As a purpose-driven company, HP has taken a look at its role in sustainability and published its first sustainability impact report over 20 years ago. HP’s sustainable impact strategy has been a long journey with initiatives including deforestation, reducing carbon emissions, and increasing diversity. In recent years, the organization has focused on bringing these initiatives into the business function, into the DNA of how every team works. Sustainability impact has been embedded into everything from our annual strategy to customer reports to showcase impacts back to customers. In fact, HP won a major RFP with a Fortune 100 company by deeply understanding the customer’s goals, challenges, objectives, and how HP could help along with showcasing and aligning on sustainability and diversity impacts.

[15:12] – How do you help a sales team develop a long-term mindset, and focus on aligning with the customer versus having a short-term mindset focused on cost and numbers?

Your sales team needs to understand how critical aligning with the customer is. That means there needs to provide training around this, and then implement a way of tracking value that can empower your sales team. For us, we use Ecosystems to help us show customers the data and impact of working with us at HP.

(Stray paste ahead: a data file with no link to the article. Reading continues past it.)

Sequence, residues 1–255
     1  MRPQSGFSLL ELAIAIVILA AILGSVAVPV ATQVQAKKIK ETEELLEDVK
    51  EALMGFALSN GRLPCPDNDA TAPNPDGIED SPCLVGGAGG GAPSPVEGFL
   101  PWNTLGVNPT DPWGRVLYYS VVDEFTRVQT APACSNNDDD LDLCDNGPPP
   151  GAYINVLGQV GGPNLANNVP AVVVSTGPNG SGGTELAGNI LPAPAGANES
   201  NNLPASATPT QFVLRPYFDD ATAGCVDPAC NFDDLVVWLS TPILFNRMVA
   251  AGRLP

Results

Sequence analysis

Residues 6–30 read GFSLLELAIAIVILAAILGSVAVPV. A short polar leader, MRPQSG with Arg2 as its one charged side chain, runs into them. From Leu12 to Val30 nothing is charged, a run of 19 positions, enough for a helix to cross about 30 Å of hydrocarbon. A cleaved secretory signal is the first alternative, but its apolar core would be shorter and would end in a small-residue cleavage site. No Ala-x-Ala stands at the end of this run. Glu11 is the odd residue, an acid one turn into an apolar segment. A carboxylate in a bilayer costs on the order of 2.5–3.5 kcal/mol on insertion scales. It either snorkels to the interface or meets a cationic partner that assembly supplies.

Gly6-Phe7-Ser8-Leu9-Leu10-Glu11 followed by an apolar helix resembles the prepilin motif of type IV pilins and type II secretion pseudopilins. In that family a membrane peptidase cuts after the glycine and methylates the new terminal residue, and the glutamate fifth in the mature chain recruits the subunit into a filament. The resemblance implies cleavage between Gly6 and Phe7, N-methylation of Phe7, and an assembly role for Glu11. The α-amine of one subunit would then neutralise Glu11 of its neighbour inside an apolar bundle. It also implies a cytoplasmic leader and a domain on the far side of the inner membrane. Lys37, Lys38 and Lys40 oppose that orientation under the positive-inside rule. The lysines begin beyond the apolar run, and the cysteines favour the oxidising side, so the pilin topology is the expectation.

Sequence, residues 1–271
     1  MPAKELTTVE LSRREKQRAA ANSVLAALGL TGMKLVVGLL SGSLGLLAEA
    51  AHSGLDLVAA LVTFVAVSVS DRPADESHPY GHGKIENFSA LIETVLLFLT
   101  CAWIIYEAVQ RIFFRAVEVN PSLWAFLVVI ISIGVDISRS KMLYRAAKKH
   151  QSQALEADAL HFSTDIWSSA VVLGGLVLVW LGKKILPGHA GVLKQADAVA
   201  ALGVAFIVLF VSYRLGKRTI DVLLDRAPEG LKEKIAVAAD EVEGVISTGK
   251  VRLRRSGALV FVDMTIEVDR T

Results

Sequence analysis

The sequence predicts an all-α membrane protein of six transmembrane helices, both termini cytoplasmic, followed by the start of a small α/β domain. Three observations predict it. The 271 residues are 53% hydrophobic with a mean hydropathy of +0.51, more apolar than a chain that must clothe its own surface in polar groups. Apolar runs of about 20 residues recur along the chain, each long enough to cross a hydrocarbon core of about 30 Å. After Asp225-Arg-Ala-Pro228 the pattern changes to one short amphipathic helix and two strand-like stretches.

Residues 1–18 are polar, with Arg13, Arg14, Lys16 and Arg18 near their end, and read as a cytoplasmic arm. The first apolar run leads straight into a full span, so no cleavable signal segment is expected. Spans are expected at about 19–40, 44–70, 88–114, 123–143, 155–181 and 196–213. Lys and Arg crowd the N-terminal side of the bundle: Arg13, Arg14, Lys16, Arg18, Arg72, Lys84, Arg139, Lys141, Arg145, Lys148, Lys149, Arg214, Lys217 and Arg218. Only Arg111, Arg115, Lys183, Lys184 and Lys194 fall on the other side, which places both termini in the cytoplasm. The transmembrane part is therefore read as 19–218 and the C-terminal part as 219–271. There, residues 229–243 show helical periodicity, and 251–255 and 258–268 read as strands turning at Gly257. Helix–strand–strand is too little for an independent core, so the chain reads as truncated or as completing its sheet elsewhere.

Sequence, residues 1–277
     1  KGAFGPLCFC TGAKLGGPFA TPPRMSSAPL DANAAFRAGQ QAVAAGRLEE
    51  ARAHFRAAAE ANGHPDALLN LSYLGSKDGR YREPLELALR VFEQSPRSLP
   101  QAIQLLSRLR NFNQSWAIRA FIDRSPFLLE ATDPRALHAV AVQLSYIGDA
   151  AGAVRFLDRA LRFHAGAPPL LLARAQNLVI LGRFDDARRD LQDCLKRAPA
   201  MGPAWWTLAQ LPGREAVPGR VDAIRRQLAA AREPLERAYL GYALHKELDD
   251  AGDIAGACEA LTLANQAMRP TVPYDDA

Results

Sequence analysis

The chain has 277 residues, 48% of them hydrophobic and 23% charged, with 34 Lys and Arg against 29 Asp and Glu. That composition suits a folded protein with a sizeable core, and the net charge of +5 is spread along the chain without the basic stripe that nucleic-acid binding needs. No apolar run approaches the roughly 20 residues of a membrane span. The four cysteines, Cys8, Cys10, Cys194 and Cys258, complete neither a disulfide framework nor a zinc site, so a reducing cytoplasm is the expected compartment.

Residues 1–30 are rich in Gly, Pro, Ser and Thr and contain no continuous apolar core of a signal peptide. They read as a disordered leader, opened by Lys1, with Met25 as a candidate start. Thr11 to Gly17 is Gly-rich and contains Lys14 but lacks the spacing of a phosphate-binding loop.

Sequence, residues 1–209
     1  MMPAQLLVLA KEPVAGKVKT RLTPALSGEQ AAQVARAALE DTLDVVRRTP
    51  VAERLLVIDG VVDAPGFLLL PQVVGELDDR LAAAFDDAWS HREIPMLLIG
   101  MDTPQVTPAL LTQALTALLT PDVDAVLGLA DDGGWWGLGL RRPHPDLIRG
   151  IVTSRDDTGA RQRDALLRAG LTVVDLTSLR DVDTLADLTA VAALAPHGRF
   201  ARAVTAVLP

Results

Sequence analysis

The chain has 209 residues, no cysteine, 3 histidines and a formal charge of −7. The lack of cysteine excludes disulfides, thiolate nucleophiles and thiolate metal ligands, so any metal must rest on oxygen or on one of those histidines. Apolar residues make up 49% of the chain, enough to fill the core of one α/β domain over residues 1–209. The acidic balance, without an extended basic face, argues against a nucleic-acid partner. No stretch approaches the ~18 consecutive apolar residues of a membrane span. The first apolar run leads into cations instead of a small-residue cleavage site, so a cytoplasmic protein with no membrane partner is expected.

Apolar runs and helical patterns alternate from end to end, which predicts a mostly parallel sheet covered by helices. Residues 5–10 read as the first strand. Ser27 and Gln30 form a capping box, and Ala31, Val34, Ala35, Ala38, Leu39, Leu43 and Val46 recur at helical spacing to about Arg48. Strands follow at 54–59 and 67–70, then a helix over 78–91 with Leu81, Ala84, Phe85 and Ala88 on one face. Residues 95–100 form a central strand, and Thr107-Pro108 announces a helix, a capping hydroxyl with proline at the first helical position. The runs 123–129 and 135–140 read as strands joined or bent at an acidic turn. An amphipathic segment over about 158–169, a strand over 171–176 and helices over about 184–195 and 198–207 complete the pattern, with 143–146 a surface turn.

[20:12] – I know that you, Stephanie, have a commitment to diversity and inclusion. How is your personal life and your leadership style able to amplify the professional Stephanie and the team as you go to market?

I don’t have time to separate my personal and professional life, so I started a workday of giving back and teaching STEM classes at the Boys and Girls Club. People still talk about that day and the sense of camaraderie they experienced.

I don’t think the mesh between personal and professional life will go away, but I think that’s the critical change of how we manage business now—showing value in conversations and bringing personal values into work life.

[25:45] – What is something that you once believed that you no longer believe?

I used to believe that success is being able to follow your plans. Now I know that what you thought is your plan can pivot and become a new plan.

[27:19] – What do you see as your unique voice and value? What has been the theme that has come out both personally and professionally?

My unique voice encourages and lives a lifestyle of determination and perseverance.

So how can you take these key points and apply them to your team?